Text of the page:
MARCOTTI: “I think youngsters need to play. United under Ten Hag aren’t United under Sir Alex with the Class of ’92 and all that … there’s a ton of pressure and this is a big season. You have to get him significant minutes at his age. So unless he has a monster preseason and Ten Hag thinks he’s ready to contribute in a meaningful way, I’d loan him out.”
Verdict: Split (keep, but look for a loan or keep in the first-team squad)
OGDEN: “He had a season on loan at Birmingham, did OK, but that’s Birmingham. Move him or loan him, in my opinion.”
MARCOTTI: “I don’t know what you’d get now for him. He’s locked up under contract until 2026, so give him another year on loan and see how he does.”
Verdict: Split (find him a permanent move or loan out and see how he performs)
OGDEN: “The pressure is on, isn’t it? If they don’t get the extension done, he could agree to leave as a free agent in January. That would be a disaster.”
Verdict: Keep and extend his contract
OGDEN: “Another example of the misguided largesse under former executive Ed Woodward. They paid £71m in transfer fees for a player nobody wanted, and now he can’t get into the team. You’d move him on permanently if you could, but nobody can afford him.”
MARCOTTI: “I’m not quite as negative about him as you are. Yes, he’s had two rough seasons, but what he did at Borussia Dortmund wasn’t a figment of our imagination. The trick is helping him regain his mojo.”
MARCOTTI: “Between him, Sancho and Rashford, that’s three guys for the left flank, so I think he or Sancho will need to see playing time on the right as an alternative to Antony. But he’s obviously a guy you’re excited about.”
OGDEN: “He can be a real star, which is why they gave him a new contract. His development needs to be handled with care, but there’s real talent there.”
OGDEN: “He barely played last season and Ten Hag clearly doesn’t rate him. He’s young and has a long-term deal, you can get something for him.”
Verdict: Find him a new club
OGDEN: “He’s an expensive mistake, but I don’t think the club are ready to admit it yet. You’ve got to persevere with him for now.”
OGDEN: “He had a really good season at Sunderland, and there was talk of sending him on loan. But he’s already been on loan three times. Therefore I think you keep him, not least because you’re light in the right wing position. Keep him and see how he does: you’ve got the option of the one-year extension, or you can talk to him about a longer-term contract down the road.”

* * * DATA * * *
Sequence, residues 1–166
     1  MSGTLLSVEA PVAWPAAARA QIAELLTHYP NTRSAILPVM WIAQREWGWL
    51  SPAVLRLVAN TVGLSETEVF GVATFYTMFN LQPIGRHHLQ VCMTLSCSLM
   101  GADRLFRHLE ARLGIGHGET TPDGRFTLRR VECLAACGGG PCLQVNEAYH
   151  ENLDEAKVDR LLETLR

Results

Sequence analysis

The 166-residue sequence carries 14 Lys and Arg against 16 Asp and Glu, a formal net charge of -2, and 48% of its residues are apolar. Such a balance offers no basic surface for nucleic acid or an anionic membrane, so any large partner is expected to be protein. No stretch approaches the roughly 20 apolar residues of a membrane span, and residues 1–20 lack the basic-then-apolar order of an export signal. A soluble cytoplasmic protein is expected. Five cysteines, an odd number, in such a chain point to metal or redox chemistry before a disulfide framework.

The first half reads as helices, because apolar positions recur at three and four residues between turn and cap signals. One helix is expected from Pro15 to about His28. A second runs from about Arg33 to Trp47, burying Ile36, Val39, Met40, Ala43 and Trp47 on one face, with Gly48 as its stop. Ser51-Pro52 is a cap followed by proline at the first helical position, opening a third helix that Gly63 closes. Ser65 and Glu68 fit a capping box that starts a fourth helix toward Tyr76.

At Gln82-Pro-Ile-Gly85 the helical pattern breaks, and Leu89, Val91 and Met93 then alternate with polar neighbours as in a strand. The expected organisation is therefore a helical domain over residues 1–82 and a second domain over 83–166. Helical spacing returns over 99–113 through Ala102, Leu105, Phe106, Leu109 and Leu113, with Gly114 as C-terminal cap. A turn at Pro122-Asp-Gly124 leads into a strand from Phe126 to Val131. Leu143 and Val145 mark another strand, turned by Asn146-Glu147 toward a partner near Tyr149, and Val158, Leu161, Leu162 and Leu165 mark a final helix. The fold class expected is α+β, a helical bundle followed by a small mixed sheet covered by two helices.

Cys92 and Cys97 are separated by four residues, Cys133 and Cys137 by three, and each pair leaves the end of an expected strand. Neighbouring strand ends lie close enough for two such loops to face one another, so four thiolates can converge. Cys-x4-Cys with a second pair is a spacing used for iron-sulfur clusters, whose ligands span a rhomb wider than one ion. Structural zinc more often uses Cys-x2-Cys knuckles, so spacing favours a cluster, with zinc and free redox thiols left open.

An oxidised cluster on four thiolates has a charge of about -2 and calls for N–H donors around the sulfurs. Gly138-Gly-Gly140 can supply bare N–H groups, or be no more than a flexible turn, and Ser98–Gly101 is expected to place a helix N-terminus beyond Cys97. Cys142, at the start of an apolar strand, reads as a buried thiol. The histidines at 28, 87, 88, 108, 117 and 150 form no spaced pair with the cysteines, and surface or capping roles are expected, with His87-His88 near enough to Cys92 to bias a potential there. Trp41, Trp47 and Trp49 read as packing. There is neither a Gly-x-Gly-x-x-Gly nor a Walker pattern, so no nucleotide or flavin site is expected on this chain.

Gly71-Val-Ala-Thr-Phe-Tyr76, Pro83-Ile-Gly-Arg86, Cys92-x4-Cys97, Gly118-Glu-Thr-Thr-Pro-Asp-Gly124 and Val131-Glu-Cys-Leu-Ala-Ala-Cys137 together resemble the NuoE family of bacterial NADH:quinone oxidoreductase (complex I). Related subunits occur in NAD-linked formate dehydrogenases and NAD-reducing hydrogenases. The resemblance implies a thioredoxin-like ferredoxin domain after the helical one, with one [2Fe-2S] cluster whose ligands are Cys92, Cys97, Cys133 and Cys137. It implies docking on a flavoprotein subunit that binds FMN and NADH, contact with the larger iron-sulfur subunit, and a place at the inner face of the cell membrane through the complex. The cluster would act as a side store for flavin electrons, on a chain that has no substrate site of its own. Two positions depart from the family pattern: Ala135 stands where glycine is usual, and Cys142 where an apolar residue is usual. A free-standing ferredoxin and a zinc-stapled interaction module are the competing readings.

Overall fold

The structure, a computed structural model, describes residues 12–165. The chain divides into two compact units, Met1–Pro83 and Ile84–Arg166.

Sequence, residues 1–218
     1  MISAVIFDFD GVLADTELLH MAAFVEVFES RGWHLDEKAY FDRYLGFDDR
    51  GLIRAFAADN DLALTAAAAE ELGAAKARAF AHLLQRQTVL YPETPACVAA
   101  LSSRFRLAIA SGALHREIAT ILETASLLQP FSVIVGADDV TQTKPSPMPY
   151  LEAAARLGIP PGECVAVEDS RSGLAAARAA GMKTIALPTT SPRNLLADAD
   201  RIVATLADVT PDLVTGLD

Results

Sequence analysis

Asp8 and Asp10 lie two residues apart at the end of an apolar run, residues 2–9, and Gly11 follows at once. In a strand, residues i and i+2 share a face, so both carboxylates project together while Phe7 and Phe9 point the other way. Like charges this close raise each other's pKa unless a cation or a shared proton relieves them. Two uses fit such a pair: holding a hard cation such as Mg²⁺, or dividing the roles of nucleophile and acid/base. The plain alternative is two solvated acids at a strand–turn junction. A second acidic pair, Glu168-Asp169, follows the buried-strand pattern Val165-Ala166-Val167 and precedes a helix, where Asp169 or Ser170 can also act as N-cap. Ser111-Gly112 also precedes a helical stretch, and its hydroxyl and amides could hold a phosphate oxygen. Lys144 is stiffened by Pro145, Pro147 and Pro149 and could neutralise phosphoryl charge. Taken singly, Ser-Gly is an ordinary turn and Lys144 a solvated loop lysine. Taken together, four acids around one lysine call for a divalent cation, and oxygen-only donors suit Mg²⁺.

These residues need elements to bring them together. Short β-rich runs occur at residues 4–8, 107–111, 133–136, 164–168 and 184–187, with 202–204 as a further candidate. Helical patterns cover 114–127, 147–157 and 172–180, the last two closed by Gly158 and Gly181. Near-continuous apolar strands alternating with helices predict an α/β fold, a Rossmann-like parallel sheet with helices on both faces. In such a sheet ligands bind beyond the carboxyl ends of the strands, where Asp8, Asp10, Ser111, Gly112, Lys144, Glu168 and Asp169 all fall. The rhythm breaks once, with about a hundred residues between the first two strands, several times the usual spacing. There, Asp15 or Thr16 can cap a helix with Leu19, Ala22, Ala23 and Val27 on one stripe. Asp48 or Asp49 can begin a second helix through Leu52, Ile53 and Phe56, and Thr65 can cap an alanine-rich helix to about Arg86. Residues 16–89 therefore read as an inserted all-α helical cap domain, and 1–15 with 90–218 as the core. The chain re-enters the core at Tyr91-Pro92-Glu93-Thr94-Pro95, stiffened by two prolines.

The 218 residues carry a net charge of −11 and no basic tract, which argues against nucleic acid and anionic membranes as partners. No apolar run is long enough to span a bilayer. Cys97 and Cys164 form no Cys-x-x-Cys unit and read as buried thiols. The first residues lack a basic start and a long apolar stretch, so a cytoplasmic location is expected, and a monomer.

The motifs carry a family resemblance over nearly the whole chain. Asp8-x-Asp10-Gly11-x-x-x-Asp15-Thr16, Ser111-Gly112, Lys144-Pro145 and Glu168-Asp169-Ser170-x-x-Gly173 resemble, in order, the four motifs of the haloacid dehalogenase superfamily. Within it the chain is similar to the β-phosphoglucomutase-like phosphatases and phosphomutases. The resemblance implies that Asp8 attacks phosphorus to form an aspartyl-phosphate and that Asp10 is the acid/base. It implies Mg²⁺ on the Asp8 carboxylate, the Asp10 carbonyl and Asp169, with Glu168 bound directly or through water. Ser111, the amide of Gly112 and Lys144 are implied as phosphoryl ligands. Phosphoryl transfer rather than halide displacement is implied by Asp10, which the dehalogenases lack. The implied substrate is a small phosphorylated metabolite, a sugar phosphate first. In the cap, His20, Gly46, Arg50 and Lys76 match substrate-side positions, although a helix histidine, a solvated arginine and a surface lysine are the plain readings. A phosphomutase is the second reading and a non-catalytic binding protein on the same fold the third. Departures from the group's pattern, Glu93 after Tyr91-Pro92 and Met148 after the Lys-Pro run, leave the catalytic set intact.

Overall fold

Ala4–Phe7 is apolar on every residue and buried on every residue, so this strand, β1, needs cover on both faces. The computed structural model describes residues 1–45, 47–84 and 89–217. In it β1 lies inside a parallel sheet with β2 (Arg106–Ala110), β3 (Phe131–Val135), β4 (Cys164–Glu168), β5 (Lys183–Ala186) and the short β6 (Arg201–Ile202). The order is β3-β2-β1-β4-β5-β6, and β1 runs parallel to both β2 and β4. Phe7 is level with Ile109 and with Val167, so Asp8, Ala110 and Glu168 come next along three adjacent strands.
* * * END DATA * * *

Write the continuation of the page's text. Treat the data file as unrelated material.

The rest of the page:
OGDEN: “He’s another option down the right, though not as attacking. I’d keep him, he might be an option at right back, too. He’s got to do what Garnacho did last year to get an extension though.”
MARCOTTI: “Obviously this is a problematic one, but I think the club have to stick with their word. They keep him pending their internal investigation, then they either release him or continue with him. If they do conclude it’s appropriate to keep him, it’s going to take a long time to get him match fit in any case.”
OGDEN: “No matter what they do, they’ll be criticised for it. But the internal investigation began in February, after the authorities dropped the charges against him, and sources have told ESPN that the club are aiming to make a decision before the start of the new season. How long can it take?”
OGDEN: “You’ve got to get rid of him even if that means you’re short of forwards. Because even when he’s not injured, which isn’t often, he doesn’t contribute. He’ll have one good game in 10.”
MARCOTTI: “I’m coming around to the idea that it may be best to cut him loose. In the last seven years, he started more than 18 league games in a season just once.
“Ordinarily, I’d talk about how they’re severely undermanned up front and how you need at least three striking options. But frankly, his deal expires in June 2024 and they’re not going to extend it, so you may as well move on now even if you won’t get much for him. If you need an extra forward, find somebody on loan.
“If you bring in a legitimate central striker and get somebody on loan as an extra attacking body, it’s not the end of the world. Heck, United finished third in the Premier League with Wout Weghorst as an on-loan centre-forward last season.”
Verdict: Find him a permanent new club
Man United’s rebuild under Ten Hag is a slow burn by necessity.
The uncertainty over the ownership situation — will the Glazers even sell? — coupled with some financial sustainability concerns after last summer’s big spending spree limit what they can do.
If they can find new clubs for Elanga, Henderson and one of Maguire/McTominay/Fred, they should have enough — once you add what’s left over from the £120m spending budget after the Mount deal — to bring in a decent keeper and a top centre-forward. That means putting more pieces in place on a squad that likely won’t be ready to properly compete for top honours until 2024-25 at the earliest.
Of course, the single most important thing they need to do is extend Rashford’s contract. If they screw that up, then it will all take even longer.